As the country grapples with systemic racism in policing, a biracial couple in Florida reminds us that Black and Brown Americans not only worry about physical safety, but also their economic security.
Abena Horton, who is Black, and Alex Horton, who is white, recently decided to refinance their Jacksonville home. But as The New York Times first reported, they received an appraisal that was $135,000 higher when Abena Horton and their biracial son were not home, and they had removed all indicators of Blackness from their walls and shelves.
Abena Horton says she felt racism was at play when the couple got their first appraisal back — $330,000 — a low price compared to the other home values in their predominantly-white neighborhood.
Before the second appraisal, they decided to take down family photos containing Black relatives and pictures of former president Barack Obama and her son’s favorite astronaut, Charles Bolden Jr. Books by authors Toni Morrison and Zora Neale Hurston were tucked away, out of sight. The “painful and traumatic experience,” Abena Horton says, took place when her son was asleep.
Left hanging on the walls were holiday cards from white friends and old oil paintings of Alex Horton, she says, in order to make their home appear more white.
When the second real estate appraiser visited, Abena Horton and their son were nowhere to be found. They snuck out the back as the appraiser started looking around, Alex Horton says.
After hiding all signs of Blackness within the home, the Hortons received a second appraisal — $465,000 — 41% higher than the first amount.
“I did know it could happen,” Abena Horton says. “Never in a million years did I think that I would actually experience something so egregious.”
At first, Alex Horton remembers feeling relieved they pulled it off. But the experience haunted him, he says, because his family was wronged by something that could have not only impacted their home refinancing, but hurt their generational wealth.
According to a study by the Brookings Institute and Gallup, homes owned by Black Americans are historically under-appraised.
Discrimination based on race in home appraisals was made illegal by the Fair Housing Act of 1968. But not much has changed, says Andre Perry, author of “Know Your Price: Valuing Black Lives and Property in America’s Black Cities.” He spoke about the issue at the Financial Services Subcommittee hearings on Capitol Hill in 2019.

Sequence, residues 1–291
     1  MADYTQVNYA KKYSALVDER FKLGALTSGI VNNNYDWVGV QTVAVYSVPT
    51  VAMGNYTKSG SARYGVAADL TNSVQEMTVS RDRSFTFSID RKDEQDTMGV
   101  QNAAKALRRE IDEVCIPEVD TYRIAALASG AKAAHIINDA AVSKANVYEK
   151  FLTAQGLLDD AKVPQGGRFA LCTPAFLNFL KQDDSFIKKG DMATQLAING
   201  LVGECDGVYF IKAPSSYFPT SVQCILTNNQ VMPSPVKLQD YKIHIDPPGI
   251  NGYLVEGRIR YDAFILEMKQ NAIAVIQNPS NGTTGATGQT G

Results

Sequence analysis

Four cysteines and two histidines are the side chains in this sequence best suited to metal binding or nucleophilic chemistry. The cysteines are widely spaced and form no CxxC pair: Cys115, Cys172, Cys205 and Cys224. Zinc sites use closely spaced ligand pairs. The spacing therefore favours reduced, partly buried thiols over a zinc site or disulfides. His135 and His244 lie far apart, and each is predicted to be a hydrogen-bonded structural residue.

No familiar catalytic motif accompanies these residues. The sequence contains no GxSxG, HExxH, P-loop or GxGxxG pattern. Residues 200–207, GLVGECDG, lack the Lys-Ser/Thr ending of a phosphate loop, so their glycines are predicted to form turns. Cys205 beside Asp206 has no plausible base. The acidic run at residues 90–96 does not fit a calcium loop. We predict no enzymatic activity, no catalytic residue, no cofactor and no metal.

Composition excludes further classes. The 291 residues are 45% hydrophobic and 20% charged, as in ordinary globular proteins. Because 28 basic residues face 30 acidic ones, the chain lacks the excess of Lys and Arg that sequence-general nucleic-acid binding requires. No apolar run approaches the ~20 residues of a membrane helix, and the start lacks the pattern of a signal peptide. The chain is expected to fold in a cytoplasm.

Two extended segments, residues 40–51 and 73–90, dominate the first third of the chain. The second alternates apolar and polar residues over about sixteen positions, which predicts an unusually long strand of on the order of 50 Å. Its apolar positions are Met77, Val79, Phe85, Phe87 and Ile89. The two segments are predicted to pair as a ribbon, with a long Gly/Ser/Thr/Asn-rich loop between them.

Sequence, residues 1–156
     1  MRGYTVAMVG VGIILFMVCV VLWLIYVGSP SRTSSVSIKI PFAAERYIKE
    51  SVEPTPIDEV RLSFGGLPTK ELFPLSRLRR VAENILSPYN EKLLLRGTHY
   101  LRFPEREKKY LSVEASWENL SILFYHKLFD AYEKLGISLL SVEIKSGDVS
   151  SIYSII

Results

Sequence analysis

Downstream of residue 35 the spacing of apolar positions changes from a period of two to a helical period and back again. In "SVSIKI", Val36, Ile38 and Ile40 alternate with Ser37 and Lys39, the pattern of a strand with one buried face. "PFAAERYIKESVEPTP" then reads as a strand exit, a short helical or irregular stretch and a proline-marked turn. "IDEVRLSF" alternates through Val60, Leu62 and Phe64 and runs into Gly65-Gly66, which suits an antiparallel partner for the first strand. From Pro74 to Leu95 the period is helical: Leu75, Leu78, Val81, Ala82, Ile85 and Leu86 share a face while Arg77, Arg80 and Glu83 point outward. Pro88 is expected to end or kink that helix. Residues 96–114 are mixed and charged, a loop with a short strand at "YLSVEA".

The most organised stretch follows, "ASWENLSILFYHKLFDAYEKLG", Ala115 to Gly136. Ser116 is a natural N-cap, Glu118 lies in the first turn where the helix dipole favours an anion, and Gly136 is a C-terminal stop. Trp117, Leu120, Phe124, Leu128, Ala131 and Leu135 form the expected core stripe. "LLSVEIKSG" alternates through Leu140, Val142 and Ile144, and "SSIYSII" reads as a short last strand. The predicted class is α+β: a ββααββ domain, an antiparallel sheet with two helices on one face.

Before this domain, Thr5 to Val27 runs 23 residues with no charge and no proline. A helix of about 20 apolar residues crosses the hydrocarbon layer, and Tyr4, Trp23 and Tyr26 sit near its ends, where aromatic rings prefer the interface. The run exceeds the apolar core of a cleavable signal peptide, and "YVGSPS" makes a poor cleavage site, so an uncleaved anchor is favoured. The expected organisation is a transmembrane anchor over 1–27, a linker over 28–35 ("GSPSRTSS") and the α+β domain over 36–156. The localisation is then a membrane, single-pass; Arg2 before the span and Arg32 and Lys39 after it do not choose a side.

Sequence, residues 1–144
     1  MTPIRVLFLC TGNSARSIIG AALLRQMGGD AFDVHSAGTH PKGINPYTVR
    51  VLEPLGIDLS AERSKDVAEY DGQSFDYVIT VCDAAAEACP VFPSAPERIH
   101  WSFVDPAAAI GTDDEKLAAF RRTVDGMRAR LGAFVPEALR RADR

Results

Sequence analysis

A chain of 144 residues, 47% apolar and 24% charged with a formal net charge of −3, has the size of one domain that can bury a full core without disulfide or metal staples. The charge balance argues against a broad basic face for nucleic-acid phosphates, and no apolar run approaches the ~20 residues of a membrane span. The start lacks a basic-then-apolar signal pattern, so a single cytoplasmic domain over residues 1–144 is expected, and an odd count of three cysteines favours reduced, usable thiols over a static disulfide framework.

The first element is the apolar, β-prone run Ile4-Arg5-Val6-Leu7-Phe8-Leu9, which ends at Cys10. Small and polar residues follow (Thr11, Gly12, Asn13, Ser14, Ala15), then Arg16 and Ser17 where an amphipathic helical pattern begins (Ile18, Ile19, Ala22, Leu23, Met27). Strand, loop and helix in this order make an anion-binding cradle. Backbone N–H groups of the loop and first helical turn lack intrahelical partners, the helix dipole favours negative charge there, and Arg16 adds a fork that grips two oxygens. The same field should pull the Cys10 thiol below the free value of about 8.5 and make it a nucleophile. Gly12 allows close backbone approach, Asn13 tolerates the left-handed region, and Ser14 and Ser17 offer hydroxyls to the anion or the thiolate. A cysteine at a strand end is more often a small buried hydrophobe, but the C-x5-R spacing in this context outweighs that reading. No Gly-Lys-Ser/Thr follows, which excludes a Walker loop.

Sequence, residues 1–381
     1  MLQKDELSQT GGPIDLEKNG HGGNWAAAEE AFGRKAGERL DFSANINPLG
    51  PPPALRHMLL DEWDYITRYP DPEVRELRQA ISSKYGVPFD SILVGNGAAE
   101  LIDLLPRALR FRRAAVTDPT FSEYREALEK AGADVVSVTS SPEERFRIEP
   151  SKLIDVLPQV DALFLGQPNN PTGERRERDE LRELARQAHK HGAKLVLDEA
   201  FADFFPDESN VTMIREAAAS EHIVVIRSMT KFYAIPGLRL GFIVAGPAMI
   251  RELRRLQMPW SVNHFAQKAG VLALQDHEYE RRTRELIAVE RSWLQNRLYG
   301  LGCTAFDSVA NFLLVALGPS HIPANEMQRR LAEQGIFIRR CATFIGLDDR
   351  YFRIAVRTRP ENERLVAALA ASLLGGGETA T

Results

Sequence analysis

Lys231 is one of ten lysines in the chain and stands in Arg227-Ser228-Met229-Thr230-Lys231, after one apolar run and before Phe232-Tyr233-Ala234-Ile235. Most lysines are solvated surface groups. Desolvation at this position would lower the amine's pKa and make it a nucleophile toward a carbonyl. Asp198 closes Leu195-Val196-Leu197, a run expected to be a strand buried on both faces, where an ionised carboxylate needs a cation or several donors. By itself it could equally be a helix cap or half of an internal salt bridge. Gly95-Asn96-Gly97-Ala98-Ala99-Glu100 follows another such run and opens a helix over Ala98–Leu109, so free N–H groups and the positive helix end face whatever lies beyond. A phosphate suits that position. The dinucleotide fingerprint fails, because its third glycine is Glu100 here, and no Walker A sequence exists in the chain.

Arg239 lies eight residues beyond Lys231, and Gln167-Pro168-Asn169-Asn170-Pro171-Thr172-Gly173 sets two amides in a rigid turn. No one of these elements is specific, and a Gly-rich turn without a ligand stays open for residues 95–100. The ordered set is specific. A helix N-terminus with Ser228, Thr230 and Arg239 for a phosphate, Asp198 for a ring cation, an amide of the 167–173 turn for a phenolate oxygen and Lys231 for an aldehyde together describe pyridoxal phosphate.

“Laws changed, but practices stayed the same,” he says.
Segregation and discrimination against Black people is deeply rooted in the country’s history, he says. Many of the appraisal practices still used today were developed during segregation and remain a part of the culture, he says.
After controlling for housing metrics such as education, crime and walkability, the study found “homes in Black neighborhoods where the share of the Black population is greater than 50% are undervalued by 23% — about $48,000 per home,” he says. “That equates to about $156 billion in lost equity.”
The problem doesn’t lie only within appraisers, he says, but rather every aspect of the housing industry — real estate agents and lenders included.
“When we look at Black assets, we judge them like we judge Black people,” he says. “And so we reduce the value.”
Regulating the way appraisers create comparable homes is one part of the solution, he says.
While appraisers can easily see comps in all white suburbs where homes all look alike, they can't see comps in more diverse urban neighborhoods because of racism, he says.
“Bias creeps in — 93% of the appraisal industry is white,” he says. “And so another part of the solution is diversifying the field. We have got to address the bias that's robbing wealth, extracting wealth from Black families and Black communities.”
Appraisers responded to this notion during the Financial Services Subcommittee Hearings Perry was involved in. An appraiser from Chicago, Maureen Sweeney, wrote a letter to the House subcommittee acknowledging there is a problem with poor and underserved communities in the U.S. — but that it’s not the appraisal professional’s fault. Perry says that sentiment is a “white myth that the conditions of Black neighborhoods are a direct result of the people in them.”
Inner cities are often neglected by landlords or city services, he points out. But as a result of “generations-long bias,” appraisers also lowball prices in wealthy, Black neighborhoods as well, he says.
For white people thinking that this isn’t their problem — think again, Perry says. If a Black or mixed family down the street gets under-appraised, the value in the neighborhood also goes down.
Abena and Alex Horton describe their situation as “the ultimate code switch” — pretending to be something they're not in order to receive a fair result. The couple, whose situation originally got exposure after they posted to Facebook, says the Department of Housing and Urban Development has an ongoing investigation into the incident.
“If people are having these feelings, they need to report it,” Abena Horton says. “They should not just be taking this on the chin.”
This segment aired on September 23, 2020.
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